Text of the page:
5 Top Press Release Writing Mistakes
When it comes to generating positive publicity, few tools are as valuable and cost effective as the press release. Compared to advertising, press releases require far less time and cost to create. And when done correctly, they produce positive news stories that readers are more likely to trust—unlike ads, which can sometimes be viewed with skepticism.
And yet, few know how to write the kinds of press releases that produce copious amounts of press coverage. Quite the contrary, many follow the school of thought that anyone can write a press release. The truth is, anyone can write an ineffective press release.
Here are some common mistakes we see:
1. A Boring or Confusing Headline. The headline is the most important part of your press release. It’s like the bait at the end of a fishing line. You want to entice readers with just enough information about your announcement to have them bite on the hook and keep reading.
Poorly written press releases often have headlines that have too much information squeezed into them, so there’s no need to read further. Others are overly vague or don’t read like a news headline. If your headline isn’t original and persuasive, why would anyone care?
2. It Has a Bad Lede. In journalism, the lede is usually the first paragraph which sums up the story in a nutshell. Just like the headline, a press release lede should be concise, but it should also answer the “five Ws” – the who, what, when, where and why – behind the announcement.
Badly written press releases often have ledes that leave out important information, or they include sentences so long that editors have to read them twice to figure out what’s going on.
3. It’s Written Like an Ad. The goal of a press release is to share news and information that the readers of a publication want to know – something informative and educational. That’s why editors will typically ignore any press releases that are overly self-promotional and include too many bold, unsubstantiated claims. Remember, editors and reporters are not paid to publish ads on your behalf. That’s what advertising departments are for.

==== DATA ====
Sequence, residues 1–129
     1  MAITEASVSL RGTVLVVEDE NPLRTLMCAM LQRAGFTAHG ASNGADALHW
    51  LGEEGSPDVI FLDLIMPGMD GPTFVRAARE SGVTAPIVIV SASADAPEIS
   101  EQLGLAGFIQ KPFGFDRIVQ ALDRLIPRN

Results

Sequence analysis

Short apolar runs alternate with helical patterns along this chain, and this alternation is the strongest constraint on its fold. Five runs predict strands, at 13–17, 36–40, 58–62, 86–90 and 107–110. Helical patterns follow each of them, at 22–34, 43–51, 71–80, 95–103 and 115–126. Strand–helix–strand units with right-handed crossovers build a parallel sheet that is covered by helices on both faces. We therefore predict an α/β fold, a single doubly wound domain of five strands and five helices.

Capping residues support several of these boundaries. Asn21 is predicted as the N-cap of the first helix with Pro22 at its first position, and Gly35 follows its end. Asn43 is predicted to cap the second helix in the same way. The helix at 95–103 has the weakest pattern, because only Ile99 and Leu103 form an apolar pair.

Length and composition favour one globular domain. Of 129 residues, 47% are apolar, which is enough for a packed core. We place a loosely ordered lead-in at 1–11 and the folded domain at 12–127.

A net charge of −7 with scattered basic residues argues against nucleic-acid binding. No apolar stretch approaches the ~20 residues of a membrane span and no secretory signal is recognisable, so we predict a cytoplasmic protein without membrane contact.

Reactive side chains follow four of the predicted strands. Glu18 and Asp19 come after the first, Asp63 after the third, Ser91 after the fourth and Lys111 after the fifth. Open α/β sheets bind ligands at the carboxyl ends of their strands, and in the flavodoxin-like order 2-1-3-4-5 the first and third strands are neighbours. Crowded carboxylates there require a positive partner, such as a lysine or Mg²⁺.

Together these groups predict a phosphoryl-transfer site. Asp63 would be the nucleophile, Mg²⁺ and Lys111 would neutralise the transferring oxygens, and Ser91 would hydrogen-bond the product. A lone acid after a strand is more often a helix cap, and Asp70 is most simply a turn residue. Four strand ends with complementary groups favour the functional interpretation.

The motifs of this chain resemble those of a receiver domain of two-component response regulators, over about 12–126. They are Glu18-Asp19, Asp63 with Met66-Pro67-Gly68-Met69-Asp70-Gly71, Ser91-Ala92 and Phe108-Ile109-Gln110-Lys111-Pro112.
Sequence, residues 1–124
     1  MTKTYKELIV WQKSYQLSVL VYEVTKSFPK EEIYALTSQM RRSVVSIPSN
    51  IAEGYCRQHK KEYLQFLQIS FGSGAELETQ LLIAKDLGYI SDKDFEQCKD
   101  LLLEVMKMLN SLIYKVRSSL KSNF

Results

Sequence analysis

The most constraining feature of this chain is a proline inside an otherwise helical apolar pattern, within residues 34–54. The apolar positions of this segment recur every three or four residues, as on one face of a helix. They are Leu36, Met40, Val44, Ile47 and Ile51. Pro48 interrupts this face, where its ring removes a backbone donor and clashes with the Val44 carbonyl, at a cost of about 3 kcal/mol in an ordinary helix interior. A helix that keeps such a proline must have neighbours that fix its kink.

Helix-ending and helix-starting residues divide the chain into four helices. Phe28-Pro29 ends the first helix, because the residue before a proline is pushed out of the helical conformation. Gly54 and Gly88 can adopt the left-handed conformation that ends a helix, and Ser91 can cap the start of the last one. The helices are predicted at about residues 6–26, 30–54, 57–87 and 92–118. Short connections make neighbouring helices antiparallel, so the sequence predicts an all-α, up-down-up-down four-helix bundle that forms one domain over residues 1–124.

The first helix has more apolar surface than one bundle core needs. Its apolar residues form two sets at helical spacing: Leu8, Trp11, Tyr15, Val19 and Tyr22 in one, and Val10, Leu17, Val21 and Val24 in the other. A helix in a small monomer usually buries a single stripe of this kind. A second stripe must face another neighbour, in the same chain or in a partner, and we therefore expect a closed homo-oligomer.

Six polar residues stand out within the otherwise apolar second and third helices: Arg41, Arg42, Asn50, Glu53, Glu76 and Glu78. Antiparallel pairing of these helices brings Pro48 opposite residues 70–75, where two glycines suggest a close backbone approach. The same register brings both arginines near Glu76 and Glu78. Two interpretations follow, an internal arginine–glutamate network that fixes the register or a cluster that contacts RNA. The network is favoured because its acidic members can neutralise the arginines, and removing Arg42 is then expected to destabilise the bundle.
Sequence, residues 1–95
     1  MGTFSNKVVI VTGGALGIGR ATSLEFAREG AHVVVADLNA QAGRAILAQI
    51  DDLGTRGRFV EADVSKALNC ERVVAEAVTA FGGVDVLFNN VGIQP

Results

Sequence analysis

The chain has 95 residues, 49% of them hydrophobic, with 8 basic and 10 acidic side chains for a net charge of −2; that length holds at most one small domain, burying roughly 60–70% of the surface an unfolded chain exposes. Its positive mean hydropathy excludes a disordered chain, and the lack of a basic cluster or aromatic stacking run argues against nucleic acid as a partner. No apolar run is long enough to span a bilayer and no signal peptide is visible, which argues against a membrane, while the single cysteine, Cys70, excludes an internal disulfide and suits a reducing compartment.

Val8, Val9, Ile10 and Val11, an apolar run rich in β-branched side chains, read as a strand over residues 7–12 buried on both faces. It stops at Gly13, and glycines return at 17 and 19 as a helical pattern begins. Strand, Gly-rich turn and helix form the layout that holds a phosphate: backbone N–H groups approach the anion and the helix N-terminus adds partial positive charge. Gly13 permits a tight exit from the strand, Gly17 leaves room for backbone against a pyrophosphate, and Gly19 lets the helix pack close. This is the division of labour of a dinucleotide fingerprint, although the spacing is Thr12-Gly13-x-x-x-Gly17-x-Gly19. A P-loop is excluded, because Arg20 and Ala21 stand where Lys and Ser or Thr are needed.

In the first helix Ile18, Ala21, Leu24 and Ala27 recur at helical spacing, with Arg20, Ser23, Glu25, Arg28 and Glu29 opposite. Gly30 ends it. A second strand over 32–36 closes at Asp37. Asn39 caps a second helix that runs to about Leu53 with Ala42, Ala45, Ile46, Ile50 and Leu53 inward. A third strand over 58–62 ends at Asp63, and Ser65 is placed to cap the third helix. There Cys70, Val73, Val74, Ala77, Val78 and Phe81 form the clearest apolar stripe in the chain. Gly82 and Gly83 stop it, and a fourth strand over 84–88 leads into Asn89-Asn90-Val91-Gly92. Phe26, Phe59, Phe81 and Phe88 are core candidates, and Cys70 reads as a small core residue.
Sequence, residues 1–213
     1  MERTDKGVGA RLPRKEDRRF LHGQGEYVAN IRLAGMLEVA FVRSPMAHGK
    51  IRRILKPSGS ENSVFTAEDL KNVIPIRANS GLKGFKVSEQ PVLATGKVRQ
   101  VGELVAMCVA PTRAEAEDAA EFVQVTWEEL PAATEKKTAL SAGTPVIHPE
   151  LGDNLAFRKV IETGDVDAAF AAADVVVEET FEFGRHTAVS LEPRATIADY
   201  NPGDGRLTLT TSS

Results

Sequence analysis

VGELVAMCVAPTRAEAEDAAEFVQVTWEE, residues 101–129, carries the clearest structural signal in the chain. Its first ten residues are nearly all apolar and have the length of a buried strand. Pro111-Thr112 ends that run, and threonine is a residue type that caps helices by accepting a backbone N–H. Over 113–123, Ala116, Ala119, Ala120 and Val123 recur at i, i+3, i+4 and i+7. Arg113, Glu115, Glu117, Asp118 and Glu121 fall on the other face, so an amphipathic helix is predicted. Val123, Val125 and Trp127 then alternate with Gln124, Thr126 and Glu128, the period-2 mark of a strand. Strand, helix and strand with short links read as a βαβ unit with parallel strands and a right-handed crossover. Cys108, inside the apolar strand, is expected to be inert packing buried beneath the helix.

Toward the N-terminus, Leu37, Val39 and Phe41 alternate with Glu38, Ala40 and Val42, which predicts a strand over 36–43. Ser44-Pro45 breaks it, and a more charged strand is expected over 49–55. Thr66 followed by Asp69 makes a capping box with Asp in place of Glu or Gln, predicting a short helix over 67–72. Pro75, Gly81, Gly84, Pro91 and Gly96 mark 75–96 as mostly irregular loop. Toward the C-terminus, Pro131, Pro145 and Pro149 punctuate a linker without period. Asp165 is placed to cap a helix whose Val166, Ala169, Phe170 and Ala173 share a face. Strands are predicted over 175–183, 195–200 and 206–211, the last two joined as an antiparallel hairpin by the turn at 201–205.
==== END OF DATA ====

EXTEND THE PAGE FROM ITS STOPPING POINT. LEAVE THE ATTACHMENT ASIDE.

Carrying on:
4. It’s Not Written in AP Style. The Associated Press Stylebook is the standard and expected form of writing for mass communications. Almost every news website, newspaper and magazine you read is written in AP style. And most editors expect your press release to be written in AP style, too.
In amateurish press releases, you will typically find tons of AP style errors, such as the names of departments and job titles being capitalized where they shouldn’t be. It’s an easy tell that the press release was written by an amateur.
5. It’s Too Long. Press releases don’t have an official word limit. So, who cares how long they are? Well, editors and reporters do, because they don’t have much time. In fact, they may have dozens of other press releases to wade through the moment yours arrives.
Keep in mind that most press releases are between 400 and 700 words in length. That doesn’t mean they can’t be longer. An announcement about the merger of two large companies or an important study or survey could justify more words. But generally speaking, it’s best to be short and sweet.
A press release is a very powerful tool if written and used correctly. That’s why it’s important to invest in a professionally written press release, drafted by someone who is skilled at balancing your desire for publicity with the media’s need for valuable information. Plus, professionals will know how to best distribute and promote your press release to generate optimal press coverage.
If you are interested in getting optimal publicity from your company’s news, we can help. Just drop me a note at PR@StrategicVantage.com.